Of course I know that even if my mom was still with us, I might also have reached the same level of writing, since my life is definitely not easy at this moment, and by the time my mom got ill, Master T already had problems with his leg; problems that only got worse.

Why is it that our writing turns into something raw and poignant the moment we are suffering from some kind of distress? Is it because we let down some kind of guard, which makes us write from the heart? Is it because we hurt so much that we have no bandwidth at all to consider the feelings of others? Is it because we have to let the hurt out, and as writers words are the best way to do it?

M made me think about this. For months. And, I still don’t have the answer. I don’t know why writing seems to improve when we are anxious or sad or in any kind of distress. It just does. Where in the past I thought being in a bad place mentally and emotionally would make me write less, I now know it’s quite the opposite. It was like writing became my lifeline to the outside world; like without my writing I would drown. I needed my writing to keep some kind of normalcy and sanity.

I have no idea which is the right answer to this, but to be honest I don’t care. I enjoy the high productivity I currently have, whether writing under distress or not.

Writing is my way of relaxing and apparently there’s nothing that will stop me from doing this.

I hope.

© Rebel’s Notes

6 thoughts on “Writing from Emotion

  1. I’m not so sure that it’s that our writing improves so much as we are writing about raw emotions WITH raw emotion…and people react to those posts sometimes more than they react to other kinds of writing.

  2. The quote you copied is beautifully written, I’m glad I got to read it. Thank you for this whole post – it provides some interesting food for thought.

  3. I’ve wondered this myself! I do seem to write better when I’m anxious. Or want to write more at least. It strange how it works that way.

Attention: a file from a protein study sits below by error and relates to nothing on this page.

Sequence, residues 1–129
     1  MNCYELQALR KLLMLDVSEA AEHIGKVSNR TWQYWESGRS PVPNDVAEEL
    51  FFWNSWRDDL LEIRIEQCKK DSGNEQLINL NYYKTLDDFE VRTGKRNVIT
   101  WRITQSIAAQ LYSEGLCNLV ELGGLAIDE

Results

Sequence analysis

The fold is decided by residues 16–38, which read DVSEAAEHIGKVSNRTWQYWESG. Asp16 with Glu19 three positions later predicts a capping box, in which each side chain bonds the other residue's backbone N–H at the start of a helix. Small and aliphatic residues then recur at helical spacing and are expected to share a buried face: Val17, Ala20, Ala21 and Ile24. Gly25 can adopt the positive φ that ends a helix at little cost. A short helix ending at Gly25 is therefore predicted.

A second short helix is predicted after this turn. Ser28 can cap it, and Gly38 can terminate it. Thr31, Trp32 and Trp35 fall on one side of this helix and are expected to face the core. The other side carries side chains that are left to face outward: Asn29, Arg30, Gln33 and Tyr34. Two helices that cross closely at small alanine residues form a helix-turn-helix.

4. This post definitely got me thinking as well, something to pay attention to in the future to see if there’s any correlation. Also, how might the writing improve (or not) during times of extreme joy?

    I’ve most certainly cried while writing, gotten turned on. It is nice to work out your feelings on paper.

    This is a fantastic post!

  5. I think these are really interesting questions you pose and ones I’ve thought about myself. I can only think of it from my own experience and I know that when I’ve written about particularly emotive topics it feels like a whole body experience – so I’m in touch with my brain, my heart, my emotions and my body reactions as I write. There are times I’ve trembled and teared up as I’ve written things like it needed to come out through my pores.

    I think the depth of vulnerability is also a factor, and that is something that screams out in such posts, as you say, raw and poignant and I know I can’t fail to be moved by writings like that.
    I can also relate to writing being calming and cathartic, a sorting out of thoughts and feelings. Thank you for sharing xx

  6. I believe that when we are fueled by our emotions, even when we can only name them chaos and turmoil, we let go of our self-censors and let ourselves release the insights gestating and become birthed into our more conscious awake aware self.